The Pac-12 crown will come down to the Utes and the Ducks, the two teams who were predicted to win their respective divisions in the conference’s preseason poll.
Utah (11-1, 8-1 Pac-12) suffered their only loss of the season at USC on a short week in September. Since then, the Utes have rattled off eight straight wins and won seven of those games by at least 22 points.
On offense, Utah has a senior one-two punch of quarterback Tyler Huntley and running back Zack Moss. Huntley has garnered some Heisman talk for his calm, efficient play, and ranks second nationally in completion percentage (75.5 percent) and is fifth in the country in passing efficiency rating (188.6). Huntley has thrown for 16 touchdowns, with just two interceptions, and added 255 yards and five scores running. Moss holds school records in career rushing yards (3,897), career carries (677), career rushing touchdowns (38), career 100-yard rushing games (18) and career touchdowns scored (40). He is the first Ute to have three 1,000 yard rushing seasons in a career and has 1,246 yards this season with 15 touchdowns. Sophomore tight end Brant Kuithe has become the top receiving target for Utah and has scored six touchdowns (three receiving, three rushing) in the last three games.
Defensively, Utah is the top defensive in the Pac-12 and one of the best in the nation. The Utes lead the conference in rushing defense, scoring defense, passing efficiency defense, scoring defense and total defense. Utah has allowed opponents to score more than 17 points just twice all season. Senior defensive lineman Bradlee Anae was named first-team All-Pac-12 this week and is seventh in FBS with 12.5 sacks this year. At linebacker, the Utes have a pair of tackling machines in senior Francis Bernard and sophomore Devin Lloyd. Utah has a pair of All-Pac-12 performers in the secondary in junior cornerback Jaylon Johnson and senior safety Julian Blackmon. Blackmon is tied for the Pac-12 lead with four interceptions this year, while Johnson leads Utah with 10 passes broken up.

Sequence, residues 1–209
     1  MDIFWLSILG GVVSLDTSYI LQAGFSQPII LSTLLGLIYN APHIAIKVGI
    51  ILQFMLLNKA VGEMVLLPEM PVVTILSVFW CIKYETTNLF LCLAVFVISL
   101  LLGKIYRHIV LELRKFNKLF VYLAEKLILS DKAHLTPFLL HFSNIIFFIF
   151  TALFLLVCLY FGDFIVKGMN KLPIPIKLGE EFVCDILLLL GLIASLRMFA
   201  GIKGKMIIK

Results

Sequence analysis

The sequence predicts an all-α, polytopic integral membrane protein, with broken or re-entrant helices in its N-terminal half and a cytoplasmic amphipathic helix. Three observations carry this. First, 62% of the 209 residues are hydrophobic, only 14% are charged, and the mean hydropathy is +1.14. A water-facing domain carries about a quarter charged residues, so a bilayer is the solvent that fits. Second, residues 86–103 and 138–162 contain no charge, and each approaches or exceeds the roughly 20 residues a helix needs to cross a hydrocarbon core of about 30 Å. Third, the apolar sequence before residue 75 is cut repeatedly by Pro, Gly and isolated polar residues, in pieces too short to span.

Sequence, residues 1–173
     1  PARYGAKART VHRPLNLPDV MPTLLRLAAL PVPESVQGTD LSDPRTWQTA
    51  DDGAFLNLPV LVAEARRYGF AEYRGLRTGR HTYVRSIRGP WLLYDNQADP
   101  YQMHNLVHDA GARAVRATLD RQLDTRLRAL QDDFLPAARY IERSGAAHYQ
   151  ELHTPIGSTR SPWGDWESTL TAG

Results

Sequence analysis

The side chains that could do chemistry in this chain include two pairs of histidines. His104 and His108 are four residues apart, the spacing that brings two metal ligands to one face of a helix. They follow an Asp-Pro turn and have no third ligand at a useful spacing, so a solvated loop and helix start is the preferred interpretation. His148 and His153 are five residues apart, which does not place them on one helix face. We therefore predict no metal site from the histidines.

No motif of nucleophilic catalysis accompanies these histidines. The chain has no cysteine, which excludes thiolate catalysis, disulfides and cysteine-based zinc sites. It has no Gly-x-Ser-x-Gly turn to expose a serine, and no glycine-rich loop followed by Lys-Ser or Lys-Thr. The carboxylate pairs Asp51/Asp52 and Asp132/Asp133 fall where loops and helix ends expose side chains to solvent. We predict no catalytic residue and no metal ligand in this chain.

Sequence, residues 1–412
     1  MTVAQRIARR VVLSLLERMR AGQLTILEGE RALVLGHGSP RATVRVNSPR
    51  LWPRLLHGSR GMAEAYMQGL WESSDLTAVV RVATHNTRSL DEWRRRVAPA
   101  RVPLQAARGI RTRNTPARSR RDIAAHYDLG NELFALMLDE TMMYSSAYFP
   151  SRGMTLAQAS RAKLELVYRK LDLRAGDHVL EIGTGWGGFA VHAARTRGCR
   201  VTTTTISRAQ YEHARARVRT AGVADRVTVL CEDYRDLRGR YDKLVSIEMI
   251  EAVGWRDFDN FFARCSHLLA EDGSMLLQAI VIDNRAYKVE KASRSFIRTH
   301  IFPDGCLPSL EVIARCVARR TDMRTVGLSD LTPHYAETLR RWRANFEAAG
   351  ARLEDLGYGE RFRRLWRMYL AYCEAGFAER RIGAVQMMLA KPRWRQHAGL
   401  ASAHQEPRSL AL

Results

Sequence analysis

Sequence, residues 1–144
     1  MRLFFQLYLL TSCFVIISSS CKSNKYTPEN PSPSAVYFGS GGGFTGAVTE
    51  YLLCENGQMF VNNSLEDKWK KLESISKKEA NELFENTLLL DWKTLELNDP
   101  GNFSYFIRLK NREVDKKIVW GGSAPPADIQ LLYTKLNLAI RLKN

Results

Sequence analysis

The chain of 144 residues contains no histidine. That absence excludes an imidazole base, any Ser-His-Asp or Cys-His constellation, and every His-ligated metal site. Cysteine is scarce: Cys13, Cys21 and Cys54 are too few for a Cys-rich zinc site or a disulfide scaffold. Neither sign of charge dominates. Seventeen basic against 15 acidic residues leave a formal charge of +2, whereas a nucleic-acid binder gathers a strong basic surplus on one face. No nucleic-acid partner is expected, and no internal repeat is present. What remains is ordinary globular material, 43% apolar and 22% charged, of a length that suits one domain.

Oregon (10-2, 8-1 Pac-12) lost a heartbreaker in their opening game of the season, 27-21, to Auburn, but then won nine consecutive games. Two weeks ago, however, the Ducks fell to Arizona State, 31-28, before bouncing back with a victory over rival Oregon State to finish the season.
The Ducks offense is fairly balanced between run and pass. Senior quarterback Justin Herbert will go down as one of the best quarterbacks in school history and has played well in his final season. Herbert has thrown for 3,140 yards, 31 touchdowns, and five interceptions. On the ground, Oregon has a three-headed monster made up of sophomores CJ Verdell, Travis Dye, and Cyrus Habibi-Likio. Verdell (963 yards, five touchdowns) is the early downs back, Dye (642 yards, zero touchdowns) is the change of pace back, while Habibi-Likio (310 yards, 10 touchdowns) is the goal line back. Junior receiver Johnny Johnson III has been Herbert’s favorite target since senior tight end Jacob Breeland went down with an injury. Johnson leads the team with 49 catches for 731 yards and six touchdowns. Junior receiver Jaylon Redd leads the team with seven receiving scores.
Defensively, this will go down as one of the best Oregon defenses in recent history. Since the expansion to the 12-game regular season, no Duck defense has allowed fewer points than this year’s squad (189). Oregon has held 11 of its 12 opponents under their current season scoring average, including seven to at least 10 points below their average. Additionally, the Ducks have held opponents to 331 yards per game, a program-best since 2009. Going back even further, Oregon is allowing just 106 rushing yards per game, which is the fewest for the Ducks since 2003. The Ducks secondary is a “no-fly zone” and has intercepted 17 passes this season, best in the Pac-12 and second in the nation.
Oregon and Utah didn’t meet in the regular season but were the two best teams in the conference. Both teams have impressed on offense and defense, but in championship-type games, defense usually wins out. The team that makes fewer costly mistakes (turnovers, penalties) should come out victorious.